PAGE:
Making music with clang


we all know that clang can compile C++ code. But using the power of constexpr it can also create
sounds, even music: <constexpr で音階生成&シンセサイザー&音声合成 - ボレロ村上 - ENiyGmaA Code; (Japanese)

Not knowing Japanese myself I had to resort to Microsoft's translator to understand the description
in the blog post: At compile-time, constexpr is used to generate a huge array (44100 elements for a
single second of sound) with the sound's waveform. The generated application then simply writes
this array into a .wav file (which are included in the blog post via Youtube).

It takes time though: Depending on the sound/music being generated, compiling (i.e. executing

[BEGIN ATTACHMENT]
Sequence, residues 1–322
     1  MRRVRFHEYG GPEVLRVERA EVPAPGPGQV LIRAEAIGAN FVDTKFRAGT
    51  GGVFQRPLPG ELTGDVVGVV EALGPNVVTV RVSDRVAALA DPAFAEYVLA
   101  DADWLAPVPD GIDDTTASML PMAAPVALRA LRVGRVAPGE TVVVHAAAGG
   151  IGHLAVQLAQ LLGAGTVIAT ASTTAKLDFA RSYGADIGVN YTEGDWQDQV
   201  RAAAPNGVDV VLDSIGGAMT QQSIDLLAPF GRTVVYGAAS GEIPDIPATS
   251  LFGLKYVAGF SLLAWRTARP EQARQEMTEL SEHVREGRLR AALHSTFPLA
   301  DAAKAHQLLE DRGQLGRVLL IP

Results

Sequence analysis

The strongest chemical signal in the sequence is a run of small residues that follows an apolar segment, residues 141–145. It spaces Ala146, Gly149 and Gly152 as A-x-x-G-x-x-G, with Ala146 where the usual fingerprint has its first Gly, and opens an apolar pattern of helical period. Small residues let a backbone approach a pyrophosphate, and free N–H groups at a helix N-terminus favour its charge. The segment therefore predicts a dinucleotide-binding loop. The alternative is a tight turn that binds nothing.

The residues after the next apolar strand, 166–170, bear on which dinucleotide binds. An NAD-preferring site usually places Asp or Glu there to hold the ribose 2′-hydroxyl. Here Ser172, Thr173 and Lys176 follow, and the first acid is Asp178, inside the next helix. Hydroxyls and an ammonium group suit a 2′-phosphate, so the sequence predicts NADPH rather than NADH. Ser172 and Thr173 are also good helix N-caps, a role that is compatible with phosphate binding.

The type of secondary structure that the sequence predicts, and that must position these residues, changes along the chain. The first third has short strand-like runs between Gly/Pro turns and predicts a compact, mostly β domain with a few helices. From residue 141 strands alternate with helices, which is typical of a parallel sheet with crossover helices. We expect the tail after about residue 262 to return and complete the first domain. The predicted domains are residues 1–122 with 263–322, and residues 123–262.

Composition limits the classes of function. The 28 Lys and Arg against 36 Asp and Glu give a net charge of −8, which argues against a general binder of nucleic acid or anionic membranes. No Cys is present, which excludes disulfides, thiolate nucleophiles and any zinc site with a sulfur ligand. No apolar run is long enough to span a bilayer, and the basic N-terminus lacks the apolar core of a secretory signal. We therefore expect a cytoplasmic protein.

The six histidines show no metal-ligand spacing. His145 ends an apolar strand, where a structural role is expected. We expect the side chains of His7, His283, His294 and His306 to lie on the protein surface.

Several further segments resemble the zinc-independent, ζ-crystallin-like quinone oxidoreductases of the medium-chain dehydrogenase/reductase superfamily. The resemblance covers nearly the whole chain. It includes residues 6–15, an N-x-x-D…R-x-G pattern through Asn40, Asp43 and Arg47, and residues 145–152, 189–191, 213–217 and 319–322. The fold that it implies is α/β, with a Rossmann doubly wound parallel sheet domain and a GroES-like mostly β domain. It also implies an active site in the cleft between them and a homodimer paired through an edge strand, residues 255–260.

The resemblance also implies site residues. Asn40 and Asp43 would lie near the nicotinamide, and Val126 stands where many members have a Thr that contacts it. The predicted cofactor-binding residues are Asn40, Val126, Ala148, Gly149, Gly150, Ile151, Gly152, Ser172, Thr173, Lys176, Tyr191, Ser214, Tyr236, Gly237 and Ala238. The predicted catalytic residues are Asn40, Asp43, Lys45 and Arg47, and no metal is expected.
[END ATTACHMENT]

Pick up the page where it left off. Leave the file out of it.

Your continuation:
the meta-program that generates the waveform) takes between a few minutes and several hours.
But it's still an interesting exploration of constexpr's possibilities.


Thanks for reporting this, it's very interesting to see what people
are doing with constexpr. I find it particularly interesting that GCC
couldn't cope with this code because its memoization used up too much
memory (although it looks like Clang had some trouble with memory
usage too, on some of the later examples).

If nothing else, this provides us with a set of interesting testcases
for any constexpr optimization work. I'm also curious whether
globalopt would have been able to reduce the initialization down to
constant if we removed the 'constexpr' keywords!